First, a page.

Diane Rosenstein Gallery (
831 North Highland Avenue, Hollywood, Los Angeles
Through October 28

Rachel Martin, “Killer Whale Woman I” (2023), graphite and colored pencil on archival paper, 22 1/2 x 14 3/4 inches (photo by studio photography, courtesy Timothy Hawkinson Gallery)

Rachel Martin: This ain’t my first life, won’t be my last

Rachel Martin (Tlingít) engages with heritage, family, and everyday life through her evocative drawings that mix the symbolic and the personal. With the evident imperfections and subtleties of her hand-drawn method, Martin juxtaposes Tlingít imagery with contemporary material culture so that stylized Northwest Coast motifs coexist with Converse sneakers or bodies with painted nails and patterned clothes. Her hybrid images point to the relationship between cultural and personal memory — and how individuals navigate it.

Timothy Hawkinson Gallery (
7424 Beverly Boulevard, Fairfax, Los Angeles
Through October 28

Don Edler, “Skull (After Holbein)” (2023), plastisol textile ink on panel, 12 x 12 inches (image courtesy Hunter Shaw Fine Art)

Don Edler: A Nightmare on the Brains of the Living

Borrowing its title from a quotation by Karl Marx, A Nightmare on the Brains of the Living presents the most recent work in Don Edler’s continuing investigation into the intersection of technology, climate catastrophe, Western culture, and the potential end of the Anthropocene. Linking the early human desire for fire with our contemporary unquenchable exploitation of natural resources, Edler casts a skeptical eye on claims of techno-utopianism. His vision is expressed through a multi-faceted installation incorporating appropriated images from art history and mass media, wax-covered human and homo-erectus skulls, and a large panel bearing the ominous image of a guillotine.

Hunter Shaw Fine Art (
5513 Pico Boulevard, Mid-Wilshire, Los Angeles
Through October 29

Sonia Romero, “Tree Full of Life” (2005), block printing on washi paper and acrylic on canvas, 36 x 36 inches (photo by Ruben Diaz, courtesy the artist and Laband Art Gallery)

Sonia Romero: Taken Root

Taken Root features more than 50 works spanning two decades created by LA-based artist Sonia Romero. The exhibition showcases her direct, graphic style, which incorporates aesthetic elements of her Mexican-American heritage and adapts the look of papel picado, traditional Mexican cut paper designs, in prints, paintings, tiles, and laser-cut steel. Romero’s commitment to the accessibility of art is also highlighted, with a focus on five of Romero’s public artworks, located on streets and public transit stations across Southern California.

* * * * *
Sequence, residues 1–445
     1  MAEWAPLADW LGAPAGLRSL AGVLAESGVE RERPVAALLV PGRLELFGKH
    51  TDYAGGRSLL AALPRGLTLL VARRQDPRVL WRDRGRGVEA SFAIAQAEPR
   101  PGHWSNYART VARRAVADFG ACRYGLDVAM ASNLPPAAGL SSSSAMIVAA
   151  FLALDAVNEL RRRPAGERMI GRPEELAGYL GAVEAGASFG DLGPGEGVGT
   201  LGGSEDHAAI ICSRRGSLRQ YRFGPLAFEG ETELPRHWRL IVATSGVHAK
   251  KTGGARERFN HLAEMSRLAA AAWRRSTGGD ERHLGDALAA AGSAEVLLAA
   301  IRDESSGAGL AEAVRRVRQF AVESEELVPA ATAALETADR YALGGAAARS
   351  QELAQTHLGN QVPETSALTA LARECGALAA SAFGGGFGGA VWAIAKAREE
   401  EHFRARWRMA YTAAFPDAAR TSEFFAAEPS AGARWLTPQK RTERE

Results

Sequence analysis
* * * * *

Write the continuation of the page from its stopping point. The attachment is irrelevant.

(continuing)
Laband Art Gallery at Loyola Marymount University (
1 LMU Drive, Westchester, Los Angeles
Through December 9

Photograph taken at the US/Mexico border by AMBOS project photographer Gina Clyne (image courtesy AMBOS)

Ordinary People

Ordinary People focuses on six LA-based art groups that are driven by social justice, community engagement, and the potential for art to bring about change. The organizations featured are the People’s Pottery Project, which supports formerly incarcerated women, trans, and nonbinary people through a nonprofit ceramic collective; AMBOS Project, which addresses issues on the US-Mexico border through art and activism; Crenshaw Dairy Mart, an Inglewood-based art space dedicated to abolition, art accessibility, and communal solidarity; as well as QUA – LGBTQ Ukrainians in America, Tlaloc Studios, and Slanguage Studio.

Long Beach Museum of Art (
2300 East Ocean Boulevard, Long Beach, California
October 6–January 14, 2024

Installation view of The Feminist Art Program (1970-1975): Cycles of Collectivity at Redcat (Roy and Edna Disney CalArts Theater) (photo by studio photography, courtesy Redcat)

The Feminist Art Program (1970-1975): Cycles of Collectivity

The Feminist Art Program (1970-1975): Cycles of Collectivity draws links between pioneering feminist artists and teachers of the 1970s and later generations of artists engaging with their legacies. The exhibition mines archival material to examine early feminist pedagogical models, including the Feminist Art Program founded by Judy Chicago at Fresno State College in 1970, an expanded program organized by Chicago and Miriam Schapiro at CalArts the following year, and “Womanhouse,” the iconic installation these educators created with their students in 1972. Alongside this historical perspective, the exhibition features contemporary artistic responses from CalArts alumni AK Jenkins, Andrea Bowers, Gala Porras-Kim, and Suzanne Lacy.

Redcat (
631 West 2nd Street, Downtown, Los Angeles
Through January 21, 2024

Matt Stromberg is a freelance visual arts writer based in Los Angeles. In addition to Hyperallergic, he has contributed to the Los Angeles Times, CARLA, Apollo, ARTNews, and other publications.